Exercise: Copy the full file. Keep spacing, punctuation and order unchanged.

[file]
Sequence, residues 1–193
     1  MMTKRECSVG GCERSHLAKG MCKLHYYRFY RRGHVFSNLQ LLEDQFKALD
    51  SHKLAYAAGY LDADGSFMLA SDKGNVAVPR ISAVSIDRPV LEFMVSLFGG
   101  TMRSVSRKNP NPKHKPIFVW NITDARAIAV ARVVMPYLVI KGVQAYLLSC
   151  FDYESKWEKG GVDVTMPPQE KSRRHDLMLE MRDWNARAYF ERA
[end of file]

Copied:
Sequence, residues 1–193
     1  MMTKRECSVG GCERSHLAKG MCKLHYYRFY RRGHVFSNLQ LLEDQFKALD
    51  SHKLAYAAGY LDADGSFMLA SDKGNVAVPR ISAVSIDRPV LEFMVSLFGG
   101  TMRSVSRKNP NPKHKPIFVW NITDARAIAV ARVVMPYLVI KGVQAYLLSC
   151  FDYESKWEKG GVDVTMPPQE KSRRHDLMLE MRDWNARAYF ERA